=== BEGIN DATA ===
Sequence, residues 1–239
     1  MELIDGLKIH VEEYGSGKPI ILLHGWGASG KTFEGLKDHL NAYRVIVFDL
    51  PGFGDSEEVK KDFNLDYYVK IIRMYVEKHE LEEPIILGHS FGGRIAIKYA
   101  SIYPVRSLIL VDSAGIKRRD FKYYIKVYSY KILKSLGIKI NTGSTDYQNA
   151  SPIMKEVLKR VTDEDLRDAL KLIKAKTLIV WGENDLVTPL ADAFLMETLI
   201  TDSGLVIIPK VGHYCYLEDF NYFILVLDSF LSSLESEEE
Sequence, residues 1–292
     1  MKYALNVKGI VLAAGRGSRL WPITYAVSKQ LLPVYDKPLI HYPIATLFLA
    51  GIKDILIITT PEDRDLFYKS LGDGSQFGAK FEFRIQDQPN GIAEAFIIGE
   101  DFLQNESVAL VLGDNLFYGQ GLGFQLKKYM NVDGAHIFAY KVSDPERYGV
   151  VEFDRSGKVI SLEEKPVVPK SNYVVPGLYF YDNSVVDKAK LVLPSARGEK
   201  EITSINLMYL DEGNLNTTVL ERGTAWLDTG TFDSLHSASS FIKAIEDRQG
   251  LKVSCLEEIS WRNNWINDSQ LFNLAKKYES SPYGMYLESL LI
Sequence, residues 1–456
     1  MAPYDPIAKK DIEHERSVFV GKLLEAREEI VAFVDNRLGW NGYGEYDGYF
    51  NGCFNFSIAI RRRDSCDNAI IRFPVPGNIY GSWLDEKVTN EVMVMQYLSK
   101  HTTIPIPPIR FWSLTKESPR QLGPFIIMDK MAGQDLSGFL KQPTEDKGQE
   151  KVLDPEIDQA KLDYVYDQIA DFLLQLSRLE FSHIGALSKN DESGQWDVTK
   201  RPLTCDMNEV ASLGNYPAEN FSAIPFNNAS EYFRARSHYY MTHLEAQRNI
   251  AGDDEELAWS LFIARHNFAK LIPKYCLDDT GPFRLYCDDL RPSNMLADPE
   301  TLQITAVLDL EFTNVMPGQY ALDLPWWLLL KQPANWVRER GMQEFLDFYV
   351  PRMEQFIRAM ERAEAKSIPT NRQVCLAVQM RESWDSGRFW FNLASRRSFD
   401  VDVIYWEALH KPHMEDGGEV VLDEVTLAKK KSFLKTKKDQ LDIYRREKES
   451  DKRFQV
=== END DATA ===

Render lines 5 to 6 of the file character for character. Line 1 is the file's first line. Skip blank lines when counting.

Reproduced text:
   151  SPIMKEVLKR VTDEDLRDAL KLIKAKTLIV WGENDLVTPL ADAFLMETLI
   201  TDSGLVIIPK VGHYCYLEDF NYFILVLDSF LSSLESEEE